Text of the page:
|George Frideric Handel|
Flavio, re de' Longobardi (Flavio, King of the Lombards, HWV 16) is an opera in three acts by George Frideric Handel. The Italian-language libretto was by Nicola Francesco Haym, after Matteo Noris's Il Flavio Cuniberto. It was Handel's fourth full-length opera for the Royal Academy of Music. Handel had originally entitled the opera after the character of Emilia in the opera.
Handel completed the score only seven days before the premiere, at the King's Theatre in the Haymarket on 14 May 1723. There were eight performances in the premiere run. The work was revived on 18 April 1732, under the direction of the composer, for four performances.
There were no further revivals until it was rediscovered and performed in Göttingen on 2 July 1967. The first UK performance since Handel's time was on 26 August 1969 at the Unicorn Theatre, Abingdon, England.
|Role||Voice type||Premiere Cast, 14 May 1723
(Conductor: - )
|Flavio||alto castrato||Gaetano Berenstadt|
|Lotario||bass||Giuseppe Maria Boschi|
The setting is Lombardy. King Flavio rules both Lombardy and England. His two counselors are Ugone and Lotario. Ugone's son, Guido, is set to marry Lothario's daughter, Emilia, this day. Ugone also has a daughter, Teodata. He desires her to seek a position as a lady-in-waiting at the court in order "to avoid the bitter solitude of her maiden years". He does not know that she already has a secret lover, Vitige, the King's adjutant.
In front of the aged Ugone's house, before dawn, Vitige is leaving Teodata's chamber; the two sing a duet ("Ricordati, mio ben". Next, at the hall in Lotario's house, Guido's marriage to Emilia takes place in the house of the bride's father attended only by close relatives. The bride and bridegroom sing of their bliss, then separate until the wedding celebration in the evening. Following, at the King's castle, Ugone presents Teodata to the King and says that she wishes to enter his service as a lady-in-waiting. Enraptured by Teodato's beauty, Flavio assents and assigns her to his wife, Ernelinda.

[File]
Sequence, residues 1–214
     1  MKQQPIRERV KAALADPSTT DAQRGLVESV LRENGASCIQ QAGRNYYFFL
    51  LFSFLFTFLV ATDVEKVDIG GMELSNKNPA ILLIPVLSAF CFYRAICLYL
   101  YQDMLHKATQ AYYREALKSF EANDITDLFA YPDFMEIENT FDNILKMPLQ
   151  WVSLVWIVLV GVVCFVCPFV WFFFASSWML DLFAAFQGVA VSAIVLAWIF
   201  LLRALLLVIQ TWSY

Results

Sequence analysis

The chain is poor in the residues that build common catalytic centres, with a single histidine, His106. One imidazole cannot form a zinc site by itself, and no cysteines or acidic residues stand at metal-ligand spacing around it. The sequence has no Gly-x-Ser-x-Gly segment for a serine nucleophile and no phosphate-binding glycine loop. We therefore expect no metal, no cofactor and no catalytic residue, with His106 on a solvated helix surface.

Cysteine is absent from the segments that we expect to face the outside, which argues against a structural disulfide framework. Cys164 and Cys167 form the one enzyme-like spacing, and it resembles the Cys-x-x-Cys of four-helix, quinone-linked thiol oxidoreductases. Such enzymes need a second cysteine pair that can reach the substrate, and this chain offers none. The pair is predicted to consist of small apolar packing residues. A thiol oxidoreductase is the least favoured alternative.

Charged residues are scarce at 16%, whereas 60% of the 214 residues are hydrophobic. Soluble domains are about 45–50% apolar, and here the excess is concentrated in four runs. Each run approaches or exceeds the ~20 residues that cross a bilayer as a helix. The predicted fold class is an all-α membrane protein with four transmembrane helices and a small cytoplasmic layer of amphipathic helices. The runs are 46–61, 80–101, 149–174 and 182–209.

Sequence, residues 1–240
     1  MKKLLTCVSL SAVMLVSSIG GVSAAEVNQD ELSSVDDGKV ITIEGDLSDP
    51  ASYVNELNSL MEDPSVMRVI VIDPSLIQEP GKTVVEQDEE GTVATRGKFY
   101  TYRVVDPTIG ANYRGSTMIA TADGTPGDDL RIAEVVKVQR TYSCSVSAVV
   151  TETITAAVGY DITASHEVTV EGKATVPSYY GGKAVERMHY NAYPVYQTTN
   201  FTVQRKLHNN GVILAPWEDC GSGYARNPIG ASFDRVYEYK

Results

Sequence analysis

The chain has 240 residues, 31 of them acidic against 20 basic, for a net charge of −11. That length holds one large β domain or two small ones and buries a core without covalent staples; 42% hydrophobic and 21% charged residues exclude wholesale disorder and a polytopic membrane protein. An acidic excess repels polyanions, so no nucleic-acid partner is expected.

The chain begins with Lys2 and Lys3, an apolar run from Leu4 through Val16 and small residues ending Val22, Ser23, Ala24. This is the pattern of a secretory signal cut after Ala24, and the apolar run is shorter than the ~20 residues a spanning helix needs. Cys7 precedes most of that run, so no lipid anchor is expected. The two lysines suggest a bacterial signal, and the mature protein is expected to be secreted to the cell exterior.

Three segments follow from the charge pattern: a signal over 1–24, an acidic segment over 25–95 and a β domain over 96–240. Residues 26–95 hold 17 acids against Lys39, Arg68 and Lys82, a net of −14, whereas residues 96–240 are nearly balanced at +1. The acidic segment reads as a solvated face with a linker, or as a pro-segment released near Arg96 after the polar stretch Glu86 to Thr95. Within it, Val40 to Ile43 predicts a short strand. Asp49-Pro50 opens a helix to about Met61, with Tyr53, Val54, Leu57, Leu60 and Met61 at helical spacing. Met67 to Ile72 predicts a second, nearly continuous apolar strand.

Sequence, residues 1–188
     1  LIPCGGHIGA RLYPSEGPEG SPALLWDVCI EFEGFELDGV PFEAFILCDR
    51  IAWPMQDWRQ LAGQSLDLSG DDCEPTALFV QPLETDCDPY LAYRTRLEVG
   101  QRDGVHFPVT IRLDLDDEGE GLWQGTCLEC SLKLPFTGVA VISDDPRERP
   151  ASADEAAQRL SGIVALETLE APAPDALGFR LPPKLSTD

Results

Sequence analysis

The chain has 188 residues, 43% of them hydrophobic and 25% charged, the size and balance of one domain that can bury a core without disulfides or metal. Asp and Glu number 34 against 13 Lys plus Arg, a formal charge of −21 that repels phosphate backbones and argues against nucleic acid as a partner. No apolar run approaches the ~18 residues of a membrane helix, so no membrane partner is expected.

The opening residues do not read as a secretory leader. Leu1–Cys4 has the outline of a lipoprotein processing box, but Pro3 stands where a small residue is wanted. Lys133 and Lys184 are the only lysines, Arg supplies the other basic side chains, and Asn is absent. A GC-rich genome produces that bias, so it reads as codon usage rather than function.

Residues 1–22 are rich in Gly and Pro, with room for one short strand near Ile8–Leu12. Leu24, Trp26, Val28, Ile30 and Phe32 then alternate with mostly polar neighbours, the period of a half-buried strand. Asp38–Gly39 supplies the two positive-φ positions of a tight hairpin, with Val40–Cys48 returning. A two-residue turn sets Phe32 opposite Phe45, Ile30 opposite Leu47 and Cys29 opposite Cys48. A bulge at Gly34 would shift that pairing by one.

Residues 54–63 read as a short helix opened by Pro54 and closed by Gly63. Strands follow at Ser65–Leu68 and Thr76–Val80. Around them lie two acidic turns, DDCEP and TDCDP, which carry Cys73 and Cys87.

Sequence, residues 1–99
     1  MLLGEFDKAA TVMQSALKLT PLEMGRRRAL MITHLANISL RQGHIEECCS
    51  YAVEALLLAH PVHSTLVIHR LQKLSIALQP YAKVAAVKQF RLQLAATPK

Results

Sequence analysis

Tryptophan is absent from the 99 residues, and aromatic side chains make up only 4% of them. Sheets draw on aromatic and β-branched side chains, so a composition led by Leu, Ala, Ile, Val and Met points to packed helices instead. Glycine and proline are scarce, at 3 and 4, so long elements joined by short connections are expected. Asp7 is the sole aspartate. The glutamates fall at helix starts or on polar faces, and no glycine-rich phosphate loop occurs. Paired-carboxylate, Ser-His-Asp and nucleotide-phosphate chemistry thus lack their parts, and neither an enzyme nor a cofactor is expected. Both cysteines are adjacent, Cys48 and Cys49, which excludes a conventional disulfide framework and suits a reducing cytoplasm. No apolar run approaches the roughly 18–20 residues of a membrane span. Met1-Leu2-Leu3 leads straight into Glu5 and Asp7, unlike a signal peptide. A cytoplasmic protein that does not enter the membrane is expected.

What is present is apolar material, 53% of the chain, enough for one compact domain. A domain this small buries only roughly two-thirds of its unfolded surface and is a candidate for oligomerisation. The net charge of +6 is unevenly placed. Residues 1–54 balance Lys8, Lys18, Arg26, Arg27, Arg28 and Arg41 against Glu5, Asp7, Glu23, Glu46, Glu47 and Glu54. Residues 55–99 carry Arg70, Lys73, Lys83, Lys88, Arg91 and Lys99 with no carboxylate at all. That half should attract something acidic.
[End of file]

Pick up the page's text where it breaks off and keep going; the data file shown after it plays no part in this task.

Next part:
Lotario invites the King to the wedding feast. Flavio then receives a letter from the elderly Governor of England, Narsete, who requests to be relieved of his post. Flavio's first reaction is to appoint Lotario as the replacement. Lotario begins to savour the prospect of the post, but Flavio changes his mind in favour of Ugone, because he wants Ugone out of the way so that he can pursue Teodata without interference. Lotario feels slighted and leaves, angry. Flavio apostrophises to Vitige on Teodata's beauty, unaware that Vitige is already beloved of Teodata. Vitige tries to conceal his feelings by saying that he does not find the lady particularly pleasing of eye.
In the castle courtyard, Ugone meets his son Guido with the news that Lotario has slapped him. Ugone must now defend his honour, but is too old to wield a sword. He asks his son to fight the duel in his place, which puts Guido in a conflict between his duty to his father and his love for Emilia, to whom he has just become betrothed. He then proudly proclaims his decision to defend his family honour. Emilia then arrives, not understanding why Guido tried to fly from her, and vows eternal constancy to him. She notices that he seems different in mood.
In a hall in the castle, Flavio is courting Teodata. Ugone rushes in, too distressed to speak coherently. Flavio leaves the room. Ugone is raving about the loss of the family honour. Teodata thinks that her liaison with Vitige has been discovered and tearfully confesses. Ugone's distress increases upon learning this new situation of his daughter.